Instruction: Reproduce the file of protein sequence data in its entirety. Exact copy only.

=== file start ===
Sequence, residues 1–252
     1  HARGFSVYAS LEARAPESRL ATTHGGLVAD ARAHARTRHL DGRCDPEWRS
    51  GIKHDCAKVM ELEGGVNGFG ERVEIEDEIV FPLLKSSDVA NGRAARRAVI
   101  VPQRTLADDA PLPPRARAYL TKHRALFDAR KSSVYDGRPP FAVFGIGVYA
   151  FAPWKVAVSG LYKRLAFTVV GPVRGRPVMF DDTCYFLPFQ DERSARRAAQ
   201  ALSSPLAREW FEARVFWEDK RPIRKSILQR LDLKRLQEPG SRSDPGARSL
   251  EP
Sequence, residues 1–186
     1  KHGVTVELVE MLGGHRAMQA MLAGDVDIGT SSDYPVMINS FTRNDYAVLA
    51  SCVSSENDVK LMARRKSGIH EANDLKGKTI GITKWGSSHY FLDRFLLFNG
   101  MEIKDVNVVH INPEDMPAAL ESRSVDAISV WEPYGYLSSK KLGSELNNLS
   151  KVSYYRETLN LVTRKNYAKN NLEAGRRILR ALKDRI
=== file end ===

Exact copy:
Sequence, residues 1–252
     1  HARGFSVYAS LEARAPESRL ATTHGGLVAD ARAHARTRHL DGRCDPEWRS
    51  GIKHDCAKVM ELEGGVNGFG ERVEIEDEIV FPLLKSSDVA NGRAARRAVI
   101  VPQRTLADDA PLPPRARAYL TKHRALFDAR KSSVYDGRPP FAVFGIGVYA
   151  FAPWKVAVSG LYKRLAFTVV GPVRGRPVMF DDTCYFLPFQ DERSARRAAQ
   201  ALSSPLAREW FEARVFWEDK RPIRKSILQR LDLKRLQEPG SRSDPGARSL
   251  EP
Sequence, residues 1–186
     1  KHGVTVELVE MLGGHRAMQA MLAGDVDIGT SSDYPVMINS FTRNDYAVLA
    51  SCVSSENDVK LMARRKSGIH EANDLKGKTI GITKWGSSHY FLDRFLLFNG
   101  MEIKDVNVVH INPEDMPAAL ESRSVDAISV WEPYGYLSSK KLGSELNNLS
   151  KVSYYRETLN LVTRKNYAKN NLEAGRRILR ALKDRI